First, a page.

The Economy

CBO Sees U.S. Debt Reaching 107% of GDP in 2040

Budget deficits would not substantially increase at first, but eventually they would begin to rise, says the Congressional Budget Office.
Matthew HellerJune 17, 2015

Driven by growing budget deficits, U.S. government debt held by the public will exceed 100% of GDP in 2040, up from the current 74%, according to a new Congressional Budget Office report.

To keep the federal debt-to-GDP ratio at its current level, Congress would have to increase revenues by 6% or cut spending by 5.5% from levels under current laws in each of the next 15 years, the report said. In 2016, that would translate into about a $210 billion reduction in the deficit.

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Keith Hall, CBO

“To put the federal budget on a sustainable path for the long term, lawmakers would have to make major changes to tax policies, spending policies, or both,” the CBO said in the first major report under new, Republican-appointed director Keith Hall.

Without such changes, the CBO warned, the large federal debt would result in lower economic output and higher interest rates and those “macroeconomic effects would, in turn, feed back into the budget, leading to lower federal revenues and higher interest payments on the debt.”

In the shorter term, the non-partisan agency kept its forecast for this fiscal year’s deficit at 2.7% of GDP. Stronger economic growth and constraints on federal spending will keep the shortfalls close to that level through 2019, the CBO said.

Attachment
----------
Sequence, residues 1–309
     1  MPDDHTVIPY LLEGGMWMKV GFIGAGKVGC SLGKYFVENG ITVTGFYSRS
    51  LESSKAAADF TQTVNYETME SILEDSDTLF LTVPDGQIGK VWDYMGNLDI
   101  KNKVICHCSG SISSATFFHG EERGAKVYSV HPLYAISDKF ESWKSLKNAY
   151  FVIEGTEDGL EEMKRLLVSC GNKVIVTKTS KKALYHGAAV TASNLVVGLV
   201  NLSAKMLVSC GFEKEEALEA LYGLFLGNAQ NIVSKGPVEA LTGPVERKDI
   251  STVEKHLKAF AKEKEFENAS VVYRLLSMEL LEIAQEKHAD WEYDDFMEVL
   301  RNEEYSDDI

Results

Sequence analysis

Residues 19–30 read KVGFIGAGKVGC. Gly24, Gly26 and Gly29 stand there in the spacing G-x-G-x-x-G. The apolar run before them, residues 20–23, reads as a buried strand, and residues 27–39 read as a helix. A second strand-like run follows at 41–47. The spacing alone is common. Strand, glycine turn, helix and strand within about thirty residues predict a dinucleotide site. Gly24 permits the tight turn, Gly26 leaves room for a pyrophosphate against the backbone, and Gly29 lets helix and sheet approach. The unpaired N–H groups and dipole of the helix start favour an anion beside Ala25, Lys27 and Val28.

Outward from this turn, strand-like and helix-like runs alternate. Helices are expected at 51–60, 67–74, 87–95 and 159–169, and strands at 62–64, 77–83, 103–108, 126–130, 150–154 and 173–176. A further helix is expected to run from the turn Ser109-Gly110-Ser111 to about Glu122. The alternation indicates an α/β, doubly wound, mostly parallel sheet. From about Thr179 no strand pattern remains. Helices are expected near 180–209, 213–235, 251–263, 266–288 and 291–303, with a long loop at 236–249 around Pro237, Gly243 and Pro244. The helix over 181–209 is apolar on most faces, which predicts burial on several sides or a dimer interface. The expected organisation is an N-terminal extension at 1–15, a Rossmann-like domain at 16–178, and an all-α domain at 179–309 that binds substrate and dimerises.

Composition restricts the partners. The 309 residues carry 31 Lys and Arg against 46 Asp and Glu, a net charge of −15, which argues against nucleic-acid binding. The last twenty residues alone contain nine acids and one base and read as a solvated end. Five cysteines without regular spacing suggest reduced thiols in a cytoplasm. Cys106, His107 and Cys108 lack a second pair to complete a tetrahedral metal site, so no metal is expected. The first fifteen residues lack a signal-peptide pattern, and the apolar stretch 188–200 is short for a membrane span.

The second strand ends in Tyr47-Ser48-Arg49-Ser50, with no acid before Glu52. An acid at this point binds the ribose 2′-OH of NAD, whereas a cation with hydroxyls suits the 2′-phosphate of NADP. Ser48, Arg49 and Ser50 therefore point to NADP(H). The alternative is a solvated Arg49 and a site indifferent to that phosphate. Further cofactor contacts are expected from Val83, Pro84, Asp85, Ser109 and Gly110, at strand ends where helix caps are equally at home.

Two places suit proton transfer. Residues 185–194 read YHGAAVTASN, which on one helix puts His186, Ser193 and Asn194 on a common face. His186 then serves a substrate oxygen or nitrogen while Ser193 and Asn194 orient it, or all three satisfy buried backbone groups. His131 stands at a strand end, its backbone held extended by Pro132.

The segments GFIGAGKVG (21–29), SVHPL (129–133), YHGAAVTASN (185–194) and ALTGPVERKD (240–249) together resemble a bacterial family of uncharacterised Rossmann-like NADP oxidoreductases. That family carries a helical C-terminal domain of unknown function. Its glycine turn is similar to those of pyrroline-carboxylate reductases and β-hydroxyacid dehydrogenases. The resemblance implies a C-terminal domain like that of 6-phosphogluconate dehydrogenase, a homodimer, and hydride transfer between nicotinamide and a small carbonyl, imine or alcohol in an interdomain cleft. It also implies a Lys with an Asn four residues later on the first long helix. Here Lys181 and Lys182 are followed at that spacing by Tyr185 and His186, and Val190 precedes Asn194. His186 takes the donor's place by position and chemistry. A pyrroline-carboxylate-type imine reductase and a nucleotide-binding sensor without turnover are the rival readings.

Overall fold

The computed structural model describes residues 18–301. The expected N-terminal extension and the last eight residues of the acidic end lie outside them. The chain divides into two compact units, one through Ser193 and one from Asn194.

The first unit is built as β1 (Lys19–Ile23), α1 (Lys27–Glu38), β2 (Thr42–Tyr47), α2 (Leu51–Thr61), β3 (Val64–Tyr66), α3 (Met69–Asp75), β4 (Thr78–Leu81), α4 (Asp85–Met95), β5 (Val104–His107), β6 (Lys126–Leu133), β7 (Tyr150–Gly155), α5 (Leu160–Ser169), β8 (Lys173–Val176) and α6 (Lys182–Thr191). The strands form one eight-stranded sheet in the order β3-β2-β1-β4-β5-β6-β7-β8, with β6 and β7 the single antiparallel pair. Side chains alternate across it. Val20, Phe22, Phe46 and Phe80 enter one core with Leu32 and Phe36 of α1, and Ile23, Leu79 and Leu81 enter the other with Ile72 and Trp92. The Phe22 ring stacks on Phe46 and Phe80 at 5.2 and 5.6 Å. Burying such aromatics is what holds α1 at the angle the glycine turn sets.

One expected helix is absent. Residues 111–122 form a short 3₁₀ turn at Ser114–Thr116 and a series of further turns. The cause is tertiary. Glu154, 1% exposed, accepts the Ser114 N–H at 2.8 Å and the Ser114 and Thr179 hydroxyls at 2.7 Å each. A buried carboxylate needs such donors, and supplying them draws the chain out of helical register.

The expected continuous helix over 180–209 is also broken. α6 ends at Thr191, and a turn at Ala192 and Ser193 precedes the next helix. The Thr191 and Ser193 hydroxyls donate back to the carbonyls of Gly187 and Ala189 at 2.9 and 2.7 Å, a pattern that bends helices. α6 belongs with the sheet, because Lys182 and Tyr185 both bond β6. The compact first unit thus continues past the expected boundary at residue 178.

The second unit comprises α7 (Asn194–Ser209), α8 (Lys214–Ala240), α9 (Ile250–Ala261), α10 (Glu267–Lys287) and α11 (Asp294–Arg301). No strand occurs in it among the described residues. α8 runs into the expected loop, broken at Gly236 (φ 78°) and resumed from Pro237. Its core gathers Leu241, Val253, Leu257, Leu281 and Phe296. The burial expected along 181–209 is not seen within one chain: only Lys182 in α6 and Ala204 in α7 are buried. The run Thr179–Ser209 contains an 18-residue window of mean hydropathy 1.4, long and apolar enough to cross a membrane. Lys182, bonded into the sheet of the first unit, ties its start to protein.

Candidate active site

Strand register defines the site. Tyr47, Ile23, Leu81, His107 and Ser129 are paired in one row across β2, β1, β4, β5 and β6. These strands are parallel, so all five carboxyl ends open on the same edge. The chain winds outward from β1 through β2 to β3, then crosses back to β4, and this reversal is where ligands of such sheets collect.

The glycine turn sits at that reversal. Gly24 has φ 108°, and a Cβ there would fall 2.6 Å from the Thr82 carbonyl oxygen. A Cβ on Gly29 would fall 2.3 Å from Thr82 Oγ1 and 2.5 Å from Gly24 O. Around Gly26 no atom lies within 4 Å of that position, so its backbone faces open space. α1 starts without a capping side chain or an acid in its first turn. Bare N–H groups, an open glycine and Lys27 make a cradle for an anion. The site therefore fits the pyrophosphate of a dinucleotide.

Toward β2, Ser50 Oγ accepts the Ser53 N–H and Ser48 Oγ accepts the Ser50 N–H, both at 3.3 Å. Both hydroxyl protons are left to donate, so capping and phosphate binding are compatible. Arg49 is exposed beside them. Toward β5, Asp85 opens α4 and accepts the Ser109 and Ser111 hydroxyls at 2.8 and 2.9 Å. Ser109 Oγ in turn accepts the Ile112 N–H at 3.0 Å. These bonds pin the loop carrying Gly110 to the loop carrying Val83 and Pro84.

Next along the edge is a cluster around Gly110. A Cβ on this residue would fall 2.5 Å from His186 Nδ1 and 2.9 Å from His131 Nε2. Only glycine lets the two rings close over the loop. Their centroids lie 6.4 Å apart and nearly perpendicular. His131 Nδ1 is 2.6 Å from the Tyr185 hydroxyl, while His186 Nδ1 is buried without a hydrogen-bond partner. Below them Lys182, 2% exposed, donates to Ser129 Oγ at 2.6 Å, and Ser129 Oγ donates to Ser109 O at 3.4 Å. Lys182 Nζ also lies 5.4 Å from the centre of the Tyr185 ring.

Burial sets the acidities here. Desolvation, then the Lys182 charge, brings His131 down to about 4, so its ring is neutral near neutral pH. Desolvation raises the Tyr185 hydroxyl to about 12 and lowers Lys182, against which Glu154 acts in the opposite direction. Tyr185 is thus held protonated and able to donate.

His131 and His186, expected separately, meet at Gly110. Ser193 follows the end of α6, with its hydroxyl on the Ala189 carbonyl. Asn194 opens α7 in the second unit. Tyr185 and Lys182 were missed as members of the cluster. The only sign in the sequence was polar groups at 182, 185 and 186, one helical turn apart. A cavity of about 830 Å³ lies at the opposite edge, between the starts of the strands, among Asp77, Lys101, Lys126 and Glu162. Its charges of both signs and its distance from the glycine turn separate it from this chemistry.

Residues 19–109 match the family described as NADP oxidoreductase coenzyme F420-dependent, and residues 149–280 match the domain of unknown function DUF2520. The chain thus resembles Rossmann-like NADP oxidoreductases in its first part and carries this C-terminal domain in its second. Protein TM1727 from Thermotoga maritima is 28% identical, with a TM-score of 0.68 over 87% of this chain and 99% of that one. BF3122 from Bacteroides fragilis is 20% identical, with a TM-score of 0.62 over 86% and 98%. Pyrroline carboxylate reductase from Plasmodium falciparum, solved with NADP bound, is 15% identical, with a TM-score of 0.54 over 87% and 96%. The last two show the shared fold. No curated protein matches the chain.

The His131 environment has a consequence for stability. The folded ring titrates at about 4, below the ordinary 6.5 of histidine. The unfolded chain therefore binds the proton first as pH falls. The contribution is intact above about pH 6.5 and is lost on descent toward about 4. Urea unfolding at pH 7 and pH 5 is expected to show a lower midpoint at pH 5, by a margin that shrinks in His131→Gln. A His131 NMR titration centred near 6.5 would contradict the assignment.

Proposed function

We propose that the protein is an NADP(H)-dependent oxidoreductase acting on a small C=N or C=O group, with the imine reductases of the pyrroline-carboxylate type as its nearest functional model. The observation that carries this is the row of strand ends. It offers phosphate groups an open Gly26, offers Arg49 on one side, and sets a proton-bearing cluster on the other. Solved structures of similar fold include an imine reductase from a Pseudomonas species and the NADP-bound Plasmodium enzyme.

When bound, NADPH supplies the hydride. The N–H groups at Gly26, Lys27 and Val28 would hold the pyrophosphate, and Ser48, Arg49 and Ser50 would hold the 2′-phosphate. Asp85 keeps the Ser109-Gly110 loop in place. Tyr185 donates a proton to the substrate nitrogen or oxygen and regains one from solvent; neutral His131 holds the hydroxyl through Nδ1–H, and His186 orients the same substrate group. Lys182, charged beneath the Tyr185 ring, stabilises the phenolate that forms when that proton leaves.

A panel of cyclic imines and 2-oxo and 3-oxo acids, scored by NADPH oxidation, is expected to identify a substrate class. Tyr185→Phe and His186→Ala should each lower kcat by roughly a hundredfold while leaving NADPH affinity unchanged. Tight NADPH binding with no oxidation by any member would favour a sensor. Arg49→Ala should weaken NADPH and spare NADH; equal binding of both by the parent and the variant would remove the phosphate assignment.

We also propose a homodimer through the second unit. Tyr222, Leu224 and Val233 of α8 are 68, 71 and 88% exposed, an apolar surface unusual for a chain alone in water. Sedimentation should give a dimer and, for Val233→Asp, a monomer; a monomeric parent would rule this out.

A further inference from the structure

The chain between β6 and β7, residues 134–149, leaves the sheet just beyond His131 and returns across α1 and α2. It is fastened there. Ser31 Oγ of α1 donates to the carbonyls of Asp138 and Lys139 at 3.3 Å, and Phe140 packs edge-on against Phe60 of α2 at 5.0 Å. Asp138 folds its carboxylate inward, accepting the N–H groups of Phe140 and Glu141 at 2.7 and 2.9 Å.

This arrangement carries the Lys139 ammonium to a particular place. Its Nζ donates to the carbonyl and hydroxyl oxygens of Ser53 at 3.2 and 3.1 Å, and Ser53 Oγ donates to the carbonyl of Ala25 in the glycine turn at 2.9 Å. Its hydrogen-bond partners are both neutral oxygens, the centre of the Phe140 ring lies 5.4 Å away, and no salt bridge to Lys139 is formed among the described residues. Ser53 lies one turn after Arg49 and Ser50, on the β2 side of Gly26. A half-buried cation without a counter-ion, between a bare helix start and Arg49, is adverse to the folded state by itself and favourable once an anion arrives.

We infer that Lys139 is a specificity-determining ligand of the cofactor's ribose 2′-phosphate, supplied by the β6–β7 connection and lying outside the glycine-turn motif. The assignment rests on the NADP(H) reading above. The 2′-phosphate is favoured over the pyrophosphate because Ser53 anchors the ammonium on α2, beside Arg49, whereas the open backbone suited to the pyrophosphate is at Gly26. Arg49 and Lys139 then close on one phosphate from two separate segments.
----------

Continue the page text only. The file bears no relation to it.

Beyond that, higher interest rates and rising health-care and Social Security costs will boost spending, widening the deficit to 3.8% of GDP in 2025 and 6.6% in 2040, the report said.

Republicans have passed non-binding budget plans this year that propose to eliminate deficits within 10 years by cutting domestic spending by around $5 trillion over a decade.

“The question has never been if we should reduce the long-term deficit — the question is how,” Rep. Chris Van Hollen, the top Democrat on the House Budget Committee, told Reuters. “Democrats are committed to a balanced approach to reducing the deficit.”

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